For this show I interview the inimitable Linda Chalker-Scott, author, editor, blogger, podcaster, educator and sustainable gardener, on how to put the garden to bed in autumn. I may have kept her on the topic of mulching a bit overlong, but hey, it’s one of those things that people who’ve done it take for granted, and those who haven’t can find completely baffling: when? with what? how deep?
As I write this and prepare to announce that all those questions and many more are answered on the podcast, I realize with a sinking feeling that the last one (how deep?) may not have been addressed—incredible, given how much time we spent on the topic! So let me say it here: several inches, as much as six in cold areas, if you’re truly trying to keep the soil from freezing. But if you’re wondering how to mulch trees or what the two most important fall garden tasks are, or if you just want a good laugh, check out the podcast.
I had never gotten straight whether Linda worked at Washington University or at Washington State, and as we reviewed her positions before the podcast (I try to keep my error average below ten for the first minute of the show) I realized why: she holds multiple positions at both. Her home base, though, appears to be State, where she is (take a deep breath) Associate Professor in the Department of Horticulture and Landscape Architecture AND (separate position) Extension Urban Horticulturalist.
She’s also former science editor for the now defunct (weep, my fellow gardeners, weep) Master Gardener Magazine, for which she wrote the terrific Horticultural Myths column, which was at least the conceptual basis for two of her three books, The Informed Gardener (2008) and The Informed Gardener Blooms Again (2010). In between those two she wrote (or at least published) Sustainable Landscapes and Gardens (2009). Yes, my fellow aspiring authors: three books in three years.
Currently, aside from her several teaching and extension positions, she’s also part of the foursome who blog as The Garden Professors, the others being Jeff Gillman (University of Minnesota), Holly Scoggins (Virginia Tech), and Bert Craig (Michigan State). Check it out; it’s lively, informative, and it now hosts Linda’s very own podcast.
I think it was the Horticultural Myths column that first led me to call Linda several years ago when I was researching a still-in-process article on compost tea. That’s another story, and a long one, so let us save it for another day. Linda proved friendly, forthcoming, and incredibly well informed, which is why I turned to her for the podcast. She was all those things for the interview and funny to boot, especially on the topic of her well-known obsession with wood chips. If she ever goes quite round the bend, it will probably take the form of predicting that the world will be saved by wood chips.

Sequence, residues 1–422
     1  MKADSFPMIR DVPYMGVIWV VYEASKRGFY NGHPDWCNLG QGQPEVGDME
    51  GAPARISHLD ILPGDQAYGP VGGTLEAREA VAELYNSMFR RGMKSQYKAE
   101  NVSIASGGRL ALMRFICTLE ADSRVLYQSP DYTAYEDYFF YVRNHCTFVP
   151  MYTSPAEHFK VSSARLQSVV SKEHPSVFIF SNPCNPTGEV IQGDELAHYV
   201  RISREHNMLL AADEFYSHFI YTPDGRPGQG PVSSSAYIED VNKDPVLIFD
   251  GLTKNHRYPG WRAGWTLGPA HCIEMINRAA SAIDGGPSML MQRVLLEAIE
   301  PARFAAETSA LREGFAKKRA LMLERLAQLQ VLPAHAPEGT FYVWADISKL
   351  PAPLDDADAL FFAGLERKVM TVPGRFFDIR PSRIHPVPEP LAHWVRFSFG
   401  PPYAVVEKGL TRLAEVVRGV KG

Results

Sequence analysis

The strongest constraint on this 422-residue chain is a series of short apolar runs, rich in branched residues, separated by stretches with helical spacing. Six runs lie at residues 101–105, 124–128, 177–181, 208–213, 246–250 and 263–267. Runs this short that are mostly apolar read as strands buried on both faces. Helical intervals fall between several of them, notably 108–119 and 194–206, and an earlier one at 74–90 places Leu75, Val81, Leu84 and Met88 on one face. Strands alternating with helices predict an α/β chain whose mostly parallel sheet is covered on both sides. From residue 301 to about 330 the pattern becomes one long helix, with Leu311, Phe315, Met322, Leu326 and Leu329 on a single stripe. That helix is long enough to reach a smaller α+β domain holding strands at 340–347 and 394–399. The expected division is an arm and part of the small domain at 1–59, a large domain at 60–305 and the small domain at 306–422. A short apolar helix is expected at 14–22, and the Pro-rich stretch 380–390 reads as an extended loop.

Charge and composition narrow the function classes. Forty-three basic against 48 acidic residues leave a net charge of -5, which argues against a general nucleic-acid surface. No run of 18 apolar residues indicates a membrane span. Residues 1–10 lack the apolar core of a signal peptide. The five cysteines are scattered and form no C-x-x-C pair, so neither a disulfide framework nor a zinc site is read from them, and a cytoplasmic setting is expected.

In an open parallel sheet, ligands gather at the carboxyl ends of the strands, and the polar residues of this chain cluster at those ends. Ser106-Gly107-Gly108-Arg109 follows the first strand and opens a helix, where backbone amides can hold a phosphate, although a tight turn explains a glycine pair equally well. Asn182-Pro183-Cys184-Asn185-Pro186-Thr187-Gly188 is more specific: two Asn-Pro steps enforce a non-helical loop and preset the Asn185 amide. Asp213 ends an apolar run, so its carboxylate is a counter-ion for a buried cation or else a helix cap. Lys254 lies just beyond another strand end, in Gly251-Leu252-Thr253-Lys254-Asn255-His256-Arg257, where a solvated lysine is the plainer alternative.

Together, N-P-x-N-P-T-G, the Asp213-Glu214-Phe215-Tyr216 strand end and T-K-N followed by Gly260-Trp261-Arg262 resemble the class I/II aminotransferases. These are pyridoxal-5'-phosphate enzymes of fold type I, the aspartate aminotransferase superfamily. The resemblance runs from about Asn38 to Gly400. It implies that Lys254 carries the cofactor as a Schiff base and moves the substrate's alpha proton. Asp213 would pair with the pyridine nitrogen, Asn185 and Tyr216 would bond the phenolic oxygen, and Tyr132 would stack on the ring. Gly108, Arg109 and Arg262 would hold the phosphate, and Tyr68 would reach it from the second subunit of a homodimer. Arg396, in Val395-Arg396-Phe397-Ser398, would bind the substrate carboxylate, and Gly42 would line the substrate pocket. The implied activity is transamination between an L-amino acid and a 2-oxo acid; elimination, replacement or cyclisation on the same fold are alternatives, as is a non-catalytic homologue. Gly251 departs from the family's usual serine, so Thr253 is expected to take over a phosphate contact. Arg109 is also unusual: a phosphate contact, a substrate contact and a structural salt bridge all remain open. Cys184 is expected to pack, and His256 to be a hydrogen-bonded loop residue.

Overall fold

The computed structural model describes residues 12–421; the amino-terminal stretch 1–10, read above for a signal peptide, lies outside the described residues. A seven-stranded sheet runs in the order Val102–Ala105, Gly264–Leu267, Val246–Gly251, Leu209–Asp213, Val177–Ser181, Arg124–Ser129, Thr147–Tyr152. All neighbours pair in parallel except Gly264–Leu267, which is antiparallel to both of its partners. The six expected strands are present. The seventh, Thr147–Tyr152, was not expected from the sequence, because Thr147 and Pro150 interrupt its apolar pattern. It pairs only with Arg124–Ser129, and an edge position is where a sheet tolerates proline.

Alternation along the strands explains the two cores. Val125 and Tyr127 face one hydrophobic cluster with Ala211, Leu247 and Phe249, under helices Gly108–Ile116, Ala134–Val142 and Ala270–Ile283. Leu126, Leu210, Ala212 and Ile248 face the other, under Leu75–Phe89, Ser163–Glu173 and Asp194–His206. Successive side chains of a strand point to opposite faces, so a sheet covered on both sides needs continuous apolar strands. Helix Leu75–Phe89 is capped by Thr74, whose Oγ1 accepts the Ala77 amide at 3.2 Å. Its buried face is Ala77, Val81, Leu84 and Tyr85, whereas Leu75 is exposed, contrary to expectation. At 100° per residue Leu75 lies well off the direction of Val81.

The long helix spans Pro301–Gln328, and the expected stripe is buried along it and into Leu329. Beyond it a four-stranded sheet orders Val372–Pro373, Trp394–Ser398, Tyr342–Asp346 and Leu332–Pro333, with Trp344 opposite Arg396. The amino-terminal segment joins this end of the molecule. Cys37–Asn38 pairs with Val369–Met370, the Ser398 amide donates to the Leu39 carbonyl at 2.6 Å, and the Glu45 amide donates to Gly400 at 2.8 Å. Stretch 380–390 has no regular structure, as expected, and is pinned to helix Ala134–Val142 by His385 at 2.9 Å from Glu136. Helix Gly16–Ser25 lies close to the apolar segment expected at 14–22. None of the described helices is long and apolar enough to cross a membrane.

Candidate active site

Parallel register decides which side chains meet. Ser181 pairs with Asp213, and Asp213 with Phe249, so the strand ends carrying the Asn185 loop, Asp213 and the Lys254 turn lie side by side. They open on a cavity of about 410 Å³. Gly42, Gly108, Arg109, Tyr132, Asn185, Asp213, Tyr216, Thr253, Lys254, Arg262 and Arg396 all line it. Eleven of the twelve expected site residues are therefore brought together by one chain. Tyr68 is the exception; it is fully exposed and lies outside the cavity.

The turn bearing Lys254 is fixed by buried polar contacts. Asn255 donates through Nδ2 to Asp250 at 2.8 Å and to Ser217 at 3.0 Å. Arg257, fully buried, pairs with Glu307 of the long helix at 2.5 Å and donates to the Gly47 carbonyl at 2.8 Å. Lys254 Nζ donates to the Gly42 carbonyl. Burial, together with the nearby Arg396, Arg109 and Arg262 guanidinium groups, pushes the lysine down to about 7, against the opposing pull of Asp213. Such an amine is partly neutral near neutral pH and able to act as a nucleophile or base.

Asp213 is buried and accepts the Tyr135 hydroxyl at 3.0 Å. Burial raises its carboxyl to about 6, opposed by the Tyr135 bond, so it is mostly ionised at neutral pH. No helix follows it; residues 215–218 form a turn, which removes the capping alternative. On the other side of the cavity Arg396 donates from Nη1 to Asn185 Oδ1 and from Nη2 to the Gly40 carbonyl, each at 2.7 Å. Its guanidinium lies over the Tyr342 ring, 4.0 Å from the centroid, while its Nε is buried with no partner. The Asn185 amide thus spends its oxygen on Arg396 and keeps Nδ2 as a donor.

And who knows; maybe she’d be right. They certainly have their place in roster of autumn garden tasks, as she made clear.
At the end of the show I did my first product spot: a short interview with Susann Elsass, who makes lovely seed packets that you can find at Share-Croppers.com. Each packet is decorated with a Victorian-style drawing of a particular vegetable, flower, or herb; a couple are more generic, one showing a basket of vegetables, another a whole variety of flowers. Susann sent me a sample, and they’re at least as nice up-close as online.
Susann is herself an artist ( the picture on the right is hers), but the seed-packet drawings are done by Christina Sands, best known for her wedding dresses. Perhaps the most interesting part of our short conversation was her description of her own, more fanciful nature drawings, and how she imagines them as part of a world we have lost because we did not take care of it.
Fall Garden Tasks with Linda Chalker-Scott and Susann Elsass aired on Monday, Oct. 17th.
Associate Professor, Horticulture and Landscape Architecture
Extension Urban Horticulturalist, Washington State University
Blog: The Garden Professors
Books: The Informed Gardener (2008)
Sustainable Landscapes and Gardens (2009)
The Informed Gardener Blooms Again (2010)